Speaking as a one-time proud moderate Republican I really appreciated Brad Delong's recent rant about what to do about this new, fairly insane, national thing that calls itself the "Republican Party." He had just come back from a talk by Thomas Mann and Norm Ornstein, authors of an excellent book, It’s Even Worse Than It Looks, How the American Constitutional System Collided with the New Politics of Extremism. Before the section I quote below, he had just said that, while he had asked a bunch of questions, but this one was one that he should have asked, but didn't think of until later on.
"Look. You two are expecting normal politics to rein in a Republican Party gone bonkers extreme. But it will not work. The press corps will continue to say "he said, she said, yadda yadda yadda" either because they are gutless cowards or because they are bought. In a world of low-information voters, the bonkers extremism and sheer total meanness of the Republican Party will not get through. The only way it could get through would be if moderate Republican barons were to announce that they had had enough and were crossing t'he aisle, and if they did so in a way that they brought their affinities with them. But I don't see Brent Scowcroft doing that, I don't see Colin Powell doing that, I don't see Greg Mankiw doing that, I don't see Marty Feldstein doing that, I don't see Gail Wilensky doing that, I don't see Bob Dole doing that, I don't see Jack Danforth doing that, I don't see Richard Lugar doing that--and I don't see you doing that, Mr. Ornstein. I don't see you calling for the defeat of every single Republican candidate this fall and every fall until the party comes back to reality.
"'And since all of you moderate Republicans are unwilling to take the only step that might fix the situation on your side, we have to take the only step open to us: We have to stop bringing a set of policy proposals and briefing papers to what the Republican Party has made a thermonuclear exchange. We have to oppose their noise, slime, and lie machine with a noise, disinfectant, and truth machine of our own--and at the same intensity.
"'That means you moderates need to pick a side and fasten your seat belts, rather than wringing your hands about how the Republicans are being so mean, and you wish they would be less so.'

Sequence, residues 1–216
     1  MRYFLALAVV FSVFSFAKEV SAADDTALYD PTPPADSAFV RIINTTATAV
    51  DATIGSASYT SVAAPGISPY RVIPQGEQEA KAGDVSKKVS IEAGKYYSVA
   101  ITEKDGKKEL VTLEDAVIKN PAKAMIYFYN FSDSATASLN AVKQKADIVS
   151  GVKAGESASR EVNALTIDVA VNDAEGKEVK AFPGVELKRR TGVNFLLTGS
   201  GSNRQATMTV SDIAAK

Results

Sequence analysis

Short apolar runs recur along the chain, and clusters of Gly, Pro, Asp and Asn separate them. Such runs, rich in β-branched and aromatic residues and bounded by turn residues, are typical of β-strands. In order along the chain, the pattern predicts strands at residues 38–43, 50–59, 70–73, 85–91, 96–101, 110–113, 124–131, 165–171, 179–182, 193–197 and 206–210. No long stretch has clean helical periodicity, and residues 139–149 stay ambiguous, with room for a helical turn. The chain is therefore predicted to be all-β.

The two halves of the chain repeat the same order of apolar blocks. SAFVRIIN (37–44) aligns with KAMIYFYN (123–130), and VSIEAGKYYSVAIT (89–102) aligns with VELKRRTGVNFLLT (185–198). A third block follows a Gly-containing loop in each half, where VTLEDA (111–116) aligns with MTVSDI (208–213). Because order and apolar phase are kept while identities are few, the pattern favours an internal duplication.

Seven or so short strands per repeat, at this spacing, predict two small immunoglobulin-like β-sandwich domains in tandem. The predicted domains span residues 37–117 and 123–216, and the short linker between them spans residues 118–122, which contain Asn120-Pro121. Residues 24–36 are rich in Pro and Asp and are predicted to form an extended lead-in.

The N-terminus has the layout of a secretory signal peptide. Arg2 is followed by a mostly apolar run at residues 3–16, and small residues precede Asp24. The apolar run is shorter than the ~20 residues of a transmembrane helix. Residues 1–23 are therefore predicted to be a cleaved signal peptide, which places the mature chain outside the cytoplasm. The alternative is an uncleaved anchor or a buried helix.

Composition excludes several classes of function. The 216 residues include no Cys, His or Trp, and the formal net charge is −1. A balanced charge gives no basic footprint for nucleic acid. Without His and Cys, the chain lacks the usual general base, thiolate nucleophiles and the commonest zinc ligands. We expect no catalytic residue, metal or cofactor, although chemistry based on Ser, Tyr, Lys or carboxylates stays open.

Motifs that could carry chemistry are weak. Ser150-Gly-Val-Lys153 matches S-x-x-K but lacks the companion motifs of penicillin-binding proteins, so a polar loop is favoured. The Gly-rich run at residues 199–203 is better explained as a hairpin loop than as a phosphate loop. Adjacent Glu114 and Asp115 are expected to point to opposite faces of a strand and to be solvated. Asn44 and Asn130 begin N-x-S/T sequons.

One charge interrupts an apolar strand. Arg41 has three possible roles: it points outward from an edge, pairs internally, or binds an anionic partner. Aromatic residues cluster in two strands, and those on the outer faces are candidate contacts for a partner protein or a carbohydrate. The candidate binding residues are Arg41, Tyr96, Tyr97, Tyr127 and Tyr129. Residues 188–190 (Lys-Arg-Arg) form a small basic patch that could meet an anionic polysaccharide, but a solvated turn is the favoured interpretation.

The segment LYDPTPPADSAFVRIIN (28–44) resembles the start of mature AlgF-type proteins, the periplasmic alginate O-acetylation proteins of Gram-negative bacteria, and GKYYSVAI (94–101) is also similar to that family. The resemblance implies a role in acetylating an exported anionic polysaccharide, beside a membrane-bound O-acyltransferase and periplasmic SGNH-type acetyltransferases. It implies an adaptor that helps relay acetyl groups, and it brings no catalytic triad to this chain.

"Mr. Mann and Mr. Ornstein, please give me an alternative strategy I can follow to help the non-insane Republicans recapture their party. Please give me an alternative to signing up with Kos [referring to fairly radical proposals from the Daily Kos]. And if you cannot give me an alternative, why are you two not signing up with Kos right now?
"The stakes, after all, are high."
Last year Medicare Part D subscribers spent sixty two billion dollars on prescription drugs. If those drugs had been purchased through the V.A. or through any other branch of the armed forces, they would have cost about thirty billion. That would have been an enormous saving for ordinary people and would have been one more notch in bringing down the ballooning deficit. Health care outlays by the Federal government are one of the largest contributors to the deficit. However, because of certain provisions built into the law, the Medicare Agency is not allowed to use the free market to bargain down prices for drugs. It is not allowed to purchase them from the very stable, very reputable companies in Canada. All that it is allowed to do is take the inflated prices offered by the big pharmaceutical companies and pay them. The military, Tricare, the Veterans Administration and many other government entities have the right to collectively negotiate drug prices for better rates, but Medicare does not.
The origin of this glitch goes back to when the Pharmaceutical Research and Manufacturers of America (the drug industry lobby known as “Big PhRMA”), was asked by Congressman Billy Tauzin to help him write the language for the act which established Medicare Part D, something that was at least lazy and possibly illegal. They did what they were told and produced a bill that many believe is far more favorable to the industry than to the Medicare subscribers. Following its passage, Tauzin was hired as the president of Phrma, at an annual salary of $2 million.
One wonders whether the Medicare Part D subscribers have the right to sue Phrma or Tauzin for something like the violation of their civil rights for blocking their ability to compete in a free and unfettered open market.